With some uncertainty around agricultural markets thanks to unrest in the Middle East, a number of mustard producers intend to wait and see what prices do, as opposed to locking in new crop contracts.
Tom Halpenny, CEO with Mustard Capital Inc. at Gravelbourg, Sask., said values have been moving higher over the past couple of months and that has many producers in an optimistic mood.
“It’s getting into the zone where it is a reasonable alternative to other crops,” he said. “Guys are feeling a little bit bullish, so they aren’t really signing any contracts — that’s actually going on with a lot of crops.
“A few players are interested at these levels, but most are prepared to leave it open.”
As will be the case for all pulse crops this crop year, mustard seed will see considerable competition from a number of other crops.
“There is continuing strength in cereal grains as well as canola, so I think guys will take a look at optimizing what they can do with the rotation with those crops,” Halpenny said. “Pulses are strong, but they aren’t showing the same flash that those other crops are. That said, I think mustard will still be put into rotations as it normally would.”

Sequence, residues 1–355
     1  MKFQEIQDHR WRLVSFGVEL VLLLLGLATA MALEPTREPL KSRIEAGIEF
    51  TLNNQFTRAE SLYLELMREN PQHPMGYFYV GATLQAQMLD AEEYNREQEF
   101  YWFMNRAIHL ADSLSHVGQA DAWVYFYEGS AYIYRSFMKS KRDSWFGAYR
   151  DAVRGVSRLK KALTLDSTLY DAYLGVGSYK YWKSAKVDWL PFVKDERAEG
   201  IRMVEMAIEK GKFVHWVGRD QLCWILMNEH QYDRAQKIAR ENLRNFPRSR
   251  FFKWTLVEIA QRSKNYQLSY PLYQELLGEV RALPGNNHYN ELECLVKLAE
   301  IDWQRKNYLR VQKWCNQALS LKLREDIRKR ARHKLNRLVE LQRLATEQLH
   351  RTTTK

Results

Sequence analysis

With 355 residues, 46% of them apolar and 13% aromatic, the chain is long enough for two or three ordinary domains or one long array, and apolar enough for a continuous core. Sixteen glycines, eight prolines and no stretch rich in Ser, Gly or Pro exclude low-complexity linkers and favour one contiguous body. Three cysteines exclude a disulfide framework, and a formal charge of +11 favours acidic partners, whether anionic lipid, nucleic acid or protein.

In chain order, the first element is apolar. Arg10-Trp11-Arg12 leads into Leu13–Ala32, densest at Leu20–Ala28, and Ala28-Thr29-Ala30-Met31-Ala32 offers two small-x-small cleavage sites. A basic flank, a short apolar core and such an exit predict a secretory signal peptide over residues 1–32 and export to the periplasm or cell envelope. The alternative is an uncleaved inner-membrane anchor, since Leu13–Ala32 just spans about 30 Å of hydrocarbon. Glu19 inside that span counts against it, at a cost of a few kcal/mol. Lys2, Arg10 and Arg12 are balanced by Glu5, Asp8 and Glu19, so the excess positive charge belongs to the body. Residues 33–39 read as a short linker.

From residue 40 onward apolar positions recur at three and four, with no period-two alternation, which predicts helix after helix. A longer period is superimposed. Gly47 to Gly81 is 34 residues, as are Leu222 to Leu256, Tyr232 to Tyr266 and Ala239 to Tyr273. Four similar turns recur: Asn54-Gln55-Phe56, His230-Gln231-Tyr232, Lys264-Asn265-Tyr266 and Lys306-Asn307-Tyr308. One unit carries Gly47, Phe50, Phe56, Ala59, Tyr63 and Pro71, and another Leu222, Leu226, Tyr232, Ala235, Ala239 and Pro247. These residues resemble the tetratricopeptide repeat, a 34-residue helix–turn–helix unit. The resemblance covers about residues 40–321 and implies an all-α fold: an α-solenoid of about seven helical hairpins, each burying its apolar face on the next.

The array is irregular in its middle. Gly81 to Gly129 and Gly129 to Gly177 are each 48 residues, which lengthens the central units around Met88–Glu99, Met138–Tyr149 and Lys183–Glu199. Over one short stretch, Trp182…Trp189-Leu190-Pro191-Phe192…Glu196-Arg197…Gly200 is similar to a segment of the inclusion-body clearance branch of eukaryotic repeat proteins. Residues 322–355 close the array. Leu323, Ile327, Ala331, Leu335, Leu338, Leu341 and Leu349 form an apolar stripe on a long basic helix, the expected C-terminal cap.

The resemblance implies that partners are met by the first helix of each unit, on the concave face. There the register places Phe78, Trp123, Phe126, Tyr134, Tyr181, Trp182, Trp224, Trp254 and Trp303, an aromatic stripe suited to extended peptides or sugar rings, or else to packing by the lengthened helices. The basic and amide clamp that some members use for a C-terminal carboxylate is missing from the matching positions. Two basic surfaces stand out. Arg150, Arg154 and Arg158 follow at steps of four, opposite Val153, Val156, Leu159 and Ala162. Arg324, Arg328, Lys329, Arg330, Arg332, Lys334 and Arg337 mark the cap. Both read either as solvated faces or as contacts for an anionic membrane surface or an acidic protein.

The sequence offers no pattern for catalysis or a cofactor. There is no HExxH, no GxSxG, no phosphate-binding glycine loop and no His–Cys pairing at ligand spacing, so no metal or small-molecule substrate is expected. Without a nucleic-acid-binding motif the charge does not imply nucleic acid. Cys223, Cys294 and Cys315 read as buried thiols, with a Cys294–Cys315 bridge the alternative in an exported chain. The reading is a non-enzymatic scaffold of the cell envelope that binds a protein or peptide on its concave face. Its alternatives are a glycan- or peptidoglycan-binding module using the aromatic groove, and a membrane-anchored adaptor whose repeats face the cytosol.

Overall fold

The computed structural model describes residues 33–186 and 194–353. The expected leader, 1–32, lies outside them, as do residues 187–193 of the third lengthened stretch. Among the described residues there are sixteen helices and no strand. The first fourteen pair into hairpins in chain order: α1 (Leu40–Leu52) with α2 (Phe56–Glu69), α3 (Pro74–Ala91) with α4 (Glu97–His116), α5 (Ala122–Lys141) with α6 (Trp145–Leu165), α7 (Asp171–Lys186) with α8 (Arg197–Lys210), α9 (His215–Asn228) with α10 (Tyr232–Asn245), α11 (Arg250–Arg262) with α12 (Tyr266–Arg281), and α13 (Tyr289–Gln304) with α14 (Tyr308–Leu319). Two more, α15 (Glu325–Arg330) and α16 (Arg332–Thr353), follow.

One factor that may favour mustard seed this spring is the expected flooding in some parts of Saskatchewan, which could lead to a shorter growing season.
“With the wet conditions from last fall, along with the cool and wet conditions expected this spring, you may see some producers shift back into mustard, if they have some last minute decisions to make,” Halpenny said.
With uncertainty still surrounding spring planting, Halpenny didn’t expect to see much a change in prices.
“I think things have stabilized a bit. We had some strength in commodity prices in January and February, but they have levelled off some. I think that will carry through to seeding,” he said.
Current elevator deliveries for brown and yellow mustard seed are bringing about C30.5 cents per pound, according to Prairie Ag Hotwire.